• If your dog touches the trimmers with their nose or comes close to them, give them a treat and praise them in an excited voice. Allow your dog to do this several times, as long as they are interested in the trimmers, and reward them with a treat each time. This is creating a positive association with the trimmers.
  • When your dog loses interest end the training session for the day and give them a frozen KONG. For the following session, repeat the first few steps, then continue to the next steps once you see your dog warming up to the nail trimmers.
  • Move the trimmers closer to your body if your dog is still engaging between the trimmers and the treats. Whenever your dog makes contact or sniffs the trimmers, treat them.
  • Once your dog has repeated that a few times, the next step is to hold the trimmers in your hand. When your dog touches or sniffs the trimmers with their nose, give your dog a treat. Repeat this several times.
  • Next, hold your dog’s paw gently in one hand, and with the trimmers in your other hand, touch them to your dog’s paw– along the top, sides, and bottom. Again, give your dog a treat each time they sniff or touch the trimmers.

Make sure to end each session by giving your dog a frozen KONG Classic or Licks pad filled with their favorite stuffing! Make sure to use the same tools during each of these training sessions that you will use during the trimming sessions.

Step 3: Trimming Time

Once you have held a few training sessions with the nail trimmers and treats, and you’ve seen progression in the time it takes for your dog to warm up to the trimmers, it’s time to move forward to trimming. This is a good time to review the nail-trimming video you watched. You will want to set up in the same room as you did your training sessions.

  • Begin by setting up your space: If you are using a KONG Classic or Licks pad, make sure they are filled, and give them to your dog on the floor in front of you, or stick the Licks Pad on a wall or other smooth surface.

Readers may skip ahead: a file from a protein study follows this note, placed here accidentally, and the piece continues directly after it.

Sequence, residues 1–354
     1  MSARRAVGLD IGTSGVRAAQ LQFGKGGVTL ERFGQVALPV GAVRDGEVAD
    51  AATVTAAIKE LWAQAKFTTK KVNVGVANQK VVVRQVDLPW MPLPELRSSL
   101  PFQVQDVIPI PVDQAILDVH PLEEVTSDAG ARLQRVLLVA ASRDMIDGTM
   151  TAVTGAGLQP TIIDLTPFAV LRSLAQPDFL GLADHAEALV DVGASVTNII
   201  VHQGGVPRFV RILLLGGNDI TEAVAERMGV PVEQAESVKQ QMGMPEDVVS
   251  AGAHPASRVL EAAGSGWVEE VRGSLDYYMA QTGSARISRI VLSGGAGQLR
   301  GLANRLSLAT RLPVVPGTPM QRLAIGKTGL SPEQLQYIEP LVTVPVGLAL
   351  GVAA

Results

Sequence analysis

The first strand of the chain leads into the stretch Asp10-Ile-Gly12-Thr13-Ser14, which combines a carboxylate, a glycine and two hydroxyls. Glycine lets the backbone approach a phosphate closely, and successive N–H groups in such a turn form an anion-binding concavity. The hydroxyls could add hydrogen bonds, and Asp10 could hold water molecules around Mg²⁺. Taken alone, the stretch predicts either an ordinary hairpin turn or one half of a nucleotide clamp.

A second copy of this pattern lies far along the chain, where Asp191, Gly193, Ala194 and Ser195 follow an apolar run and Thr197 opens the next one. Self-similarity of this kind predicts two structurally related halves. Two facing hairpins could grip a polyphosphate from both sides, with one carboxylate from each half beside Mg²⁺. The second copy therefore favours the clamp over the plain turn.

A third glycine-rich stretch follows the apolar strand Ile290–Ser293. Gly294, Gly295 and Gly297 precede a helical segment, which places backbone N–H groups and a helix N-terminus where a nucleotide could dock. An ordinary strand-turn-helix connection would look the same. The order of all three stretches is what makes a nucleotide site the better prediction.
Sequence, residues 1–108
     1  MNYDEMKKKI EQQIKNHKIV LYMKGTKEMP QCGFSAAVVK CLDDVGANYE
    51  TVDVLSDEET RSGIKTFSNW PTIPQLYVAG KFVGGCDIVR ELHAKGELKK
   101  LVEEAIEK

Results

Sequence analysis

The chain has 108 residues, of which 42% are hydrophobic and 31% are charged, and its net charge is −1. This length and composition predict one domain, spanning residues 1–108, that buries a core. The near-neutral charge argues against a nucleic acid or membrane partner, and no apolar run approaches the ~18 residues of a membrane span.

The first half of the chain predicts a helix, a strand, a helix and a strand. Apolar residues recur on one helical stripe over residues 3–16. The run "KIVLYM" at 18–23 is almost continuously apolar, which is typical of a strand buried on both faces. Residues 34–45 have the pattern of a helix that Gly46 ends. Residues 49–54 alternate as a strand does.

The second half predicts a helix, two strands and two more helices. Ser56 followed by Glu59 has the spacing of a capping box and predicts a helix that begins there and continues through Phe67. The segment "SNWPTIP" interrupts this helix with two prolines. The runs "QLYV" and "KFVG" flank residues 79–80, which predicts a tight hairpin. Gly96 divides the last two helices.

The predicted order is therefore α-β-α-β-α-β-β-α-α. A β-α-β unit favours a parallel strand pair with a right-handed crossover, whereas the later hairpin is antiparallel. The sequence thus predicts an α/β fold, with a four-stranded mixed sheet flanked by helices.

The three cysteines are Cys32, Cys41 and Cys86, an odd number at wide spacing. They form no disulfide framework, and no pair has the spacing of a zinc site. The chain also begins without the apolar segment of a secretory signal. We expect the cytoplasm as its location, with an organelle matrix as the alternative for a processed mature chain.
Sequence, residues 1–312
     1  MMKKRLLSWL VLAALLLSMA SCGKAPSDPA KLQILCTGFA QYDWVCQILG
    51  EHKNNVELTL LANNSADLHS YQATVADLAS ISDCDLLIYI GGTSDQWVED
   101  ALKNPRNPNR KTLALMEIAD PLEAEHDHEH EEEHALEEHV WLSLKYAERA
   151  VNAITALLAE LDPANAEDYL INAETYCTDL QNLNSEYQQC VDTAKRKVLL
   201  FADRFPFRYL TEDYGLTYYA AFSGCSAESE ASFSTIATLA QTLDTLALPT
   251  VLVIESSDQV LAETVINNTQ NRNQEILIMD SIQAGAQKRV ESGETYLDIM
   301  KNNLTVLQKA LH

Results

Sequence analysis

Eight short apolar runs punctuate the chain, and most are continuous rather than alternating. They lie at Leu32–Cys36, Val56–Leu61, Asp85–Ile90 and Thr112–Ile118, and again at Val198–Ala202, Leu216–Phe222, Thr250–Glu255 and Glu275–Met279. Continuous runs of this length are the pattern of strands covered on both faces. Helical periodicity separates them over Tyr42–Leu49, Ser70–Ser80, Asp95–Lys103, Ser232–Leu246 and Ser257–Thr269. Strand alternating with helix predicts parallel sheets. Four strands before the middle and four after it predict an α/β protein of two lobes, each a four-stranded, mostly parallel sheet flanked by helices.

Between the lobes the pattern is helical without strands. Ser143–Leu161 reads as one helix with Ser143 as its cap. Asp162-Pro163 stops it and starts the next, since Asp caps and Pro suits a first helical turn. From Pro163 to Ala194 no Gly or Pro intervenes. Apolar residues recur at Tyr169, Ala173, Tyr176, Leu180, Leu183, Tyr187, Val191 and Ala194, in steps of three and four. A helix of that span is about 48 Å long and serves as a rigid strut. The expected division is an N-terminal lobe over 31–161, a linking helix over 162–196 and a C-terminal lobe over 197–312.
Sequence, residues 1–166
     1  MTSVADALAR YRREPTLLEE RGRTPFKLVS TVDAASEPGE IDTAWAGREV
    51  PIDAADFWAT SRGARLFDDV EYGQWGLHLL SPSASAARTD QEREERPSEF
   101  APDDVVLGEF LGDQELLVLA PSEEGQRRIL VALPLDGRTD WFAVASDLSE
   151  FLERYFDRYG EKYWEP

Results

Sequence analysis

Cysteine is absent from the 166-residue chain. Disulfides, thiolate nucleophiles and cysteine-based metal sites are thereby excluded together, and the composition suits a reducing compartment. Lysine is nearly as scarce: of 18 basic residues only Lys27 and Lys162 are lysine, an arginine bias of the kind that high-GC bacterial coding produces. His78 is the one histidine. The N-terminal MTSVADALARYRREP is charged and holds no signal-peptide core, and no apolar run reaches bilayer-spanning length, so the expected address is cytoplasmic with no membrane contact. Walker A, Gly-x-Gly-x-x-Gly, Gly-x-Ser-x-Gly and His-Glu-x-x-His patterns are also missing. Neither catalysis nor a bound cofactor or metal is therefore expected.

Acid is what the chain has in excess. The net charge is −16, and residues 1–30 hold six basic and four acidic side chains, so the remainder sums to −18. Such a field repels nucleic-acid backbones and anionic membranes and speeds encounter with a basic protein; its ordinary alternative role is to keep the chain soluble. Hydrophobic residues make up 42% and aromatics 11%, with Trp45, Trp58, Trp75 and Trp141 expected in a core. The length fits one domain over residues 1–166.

• Hold your dog’s paw in your hand, their arm resting along yours, and their elbow resting in your elbow. This creates a cradle in which your dog’s arm can rest securely without allowing them to pull their paw away from you. If your dog is fighting to get free, allow them to have some time and space to move around, then try again.
  • Begin to trim using the pointers you learned in the video you watched. If you are not using a KONG Classic or Licks pad, you will give your dog a high-value treat every few nails you trim. If your dog is unbothered by your use of the trimmers, give them a treat after each paw you complete, along with verbal praise.
  • Finish the nail trimming session with a “party”! Use an excited tone and high-value treats to end the session.

What other nail-trimming tips have you discovered with your dog or cat? What creative KONG recipes or KONG treats does your pet like when you are practicing new skills? We would love to know! Tag us @KONGcompany on Instagram with your favorite KONG toys, treats & tips you use for training, using the hashtags #KONGtraining #KONGtreats and our favorites, #KONGdog or #KONGcat !